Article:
Red panda Xiao Huang won't let go of her dead sister following China earthquake, video reveals

A national park near the city of Pu'er suffered extensive damage during the 6.6-magnitude quake - causing devastation for its wildlife

Adam Withnall@adamwithnall
Thursday 16 October 2014 06:48
Keepers said Xiao Huang did not want them to take her dead sister Yuan Yuan away
Keepers said Xiao Huang did not want them to take her dead sister Yuan Yuan away

In the aftermath of a powerful, shallow earthquake that struck a remote region of China last week, many expressed amazement that the region escaped so lightly.

Just a single death has been reported following the 6.6-magnitude quake in Yunnan Province’s Jinggu County – despite it being stronger than one two months earlier that killed more than 600.

Yet there has been one victim of the Jinggu incident that has touched the hearts of those in Yunnan, after video footage emerged from the red panda enclosure at Pu’er Sun River National Park.

According to local media reports, keepers awoke after the quake to find one of the animals, a female called Yuan Yuan, was missing.

They saw Yuan Yuan’s sister Xiao Huang take fruit slices off into the forest and, following her, found her trying to give it to the missing bear – who had been crushed by a falling tree.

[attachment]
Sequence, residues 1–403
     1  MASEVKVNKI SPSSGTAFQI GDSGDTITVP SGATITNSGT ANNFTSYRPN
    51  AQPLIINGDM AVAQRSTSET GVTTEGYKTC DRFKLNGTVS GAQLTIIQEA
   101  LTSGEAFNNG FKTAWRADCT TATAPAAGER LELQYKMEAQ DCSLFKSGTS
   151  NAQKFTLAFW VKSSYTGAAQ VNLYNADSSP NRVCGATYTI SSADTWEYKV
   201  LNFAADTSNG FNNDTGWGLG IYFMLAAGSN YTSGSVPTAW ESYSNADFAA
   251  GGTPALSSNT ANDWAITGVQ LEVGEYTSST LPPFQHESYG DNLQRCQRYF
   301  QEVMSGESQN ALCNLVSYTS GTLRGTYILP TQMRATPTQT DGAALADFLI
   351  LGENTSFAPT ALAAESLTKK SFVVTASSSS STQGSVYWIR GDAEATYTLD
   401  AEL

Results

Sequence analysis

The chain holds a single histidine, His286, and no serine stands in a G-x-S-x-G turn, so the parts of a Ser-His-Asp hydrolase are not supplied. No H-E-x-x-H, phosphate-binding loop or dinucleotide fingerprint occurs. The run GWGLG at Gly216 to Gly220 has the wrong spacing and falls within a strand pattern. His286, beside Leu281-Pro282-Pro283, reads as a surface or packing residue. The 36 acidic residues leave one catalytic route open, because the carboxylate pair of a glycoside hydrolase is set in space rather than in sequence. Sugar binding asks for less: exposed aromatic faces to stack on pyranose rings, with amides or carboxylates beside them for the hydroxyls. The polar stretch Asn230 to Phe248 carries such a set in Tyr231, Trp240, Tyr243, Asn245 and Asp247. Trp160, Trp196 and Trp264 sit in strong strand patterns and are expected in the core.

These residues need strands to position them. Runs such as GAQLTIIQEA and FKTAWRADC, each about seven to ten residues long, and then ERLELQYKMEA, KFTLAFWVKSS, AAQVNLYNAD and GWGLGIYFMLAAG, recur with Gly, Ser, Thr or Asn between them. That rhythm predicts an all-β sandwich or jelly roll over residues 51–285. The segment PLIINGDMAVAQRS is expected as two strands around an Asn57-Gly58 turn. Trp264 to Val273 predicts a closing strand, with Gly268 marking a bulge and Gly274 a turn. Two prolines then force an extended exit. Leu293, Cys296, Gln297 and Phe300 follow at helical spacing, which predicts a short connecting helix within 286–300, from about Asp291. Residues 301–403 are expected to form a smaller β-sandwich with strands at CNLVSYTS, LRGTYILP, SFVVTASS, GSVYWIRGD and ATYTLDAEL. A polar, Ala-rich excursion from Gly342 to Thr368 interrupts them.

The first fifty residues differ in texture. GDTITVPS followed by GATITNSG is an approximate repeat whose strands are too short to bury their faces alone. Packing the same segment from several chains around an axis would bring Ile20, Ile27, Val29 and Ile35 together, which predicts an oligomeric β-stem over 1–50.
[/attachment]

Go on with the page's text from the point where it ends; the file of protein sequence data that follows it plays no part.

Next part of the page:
The video, a copy of which has been viewed on more than 160,000 times, shows Xiao Huang calling out while sitting at her sister’s side.

When the keepers move Yuan Yuan’s body from under the tree and go to take it away, Xiao Huang can be seen grabbing the bag in her teeth and claws. Xinhua, China’s state news agency, commented that “netizens [have been] moved by video of a red panda not letting go of her friend killed in earthquake”.

Taking place in such a remote location, the Jinggu quake caused more logistical problems than casualties.

Xinhua said strong tremors were felt in the provincial capital, Kunming, about 360km to the northeast. It said an initial 230-member rescue team was dispatched to the quake area within two hours of its striking, while Chinese Premier Li Keqiang ordered an "all-out effort" to rescue quake victims.

Life has only just begun returning to normal, according to CCTV’s English-language edition, with most schools reopening in temporary shelters yesterday.

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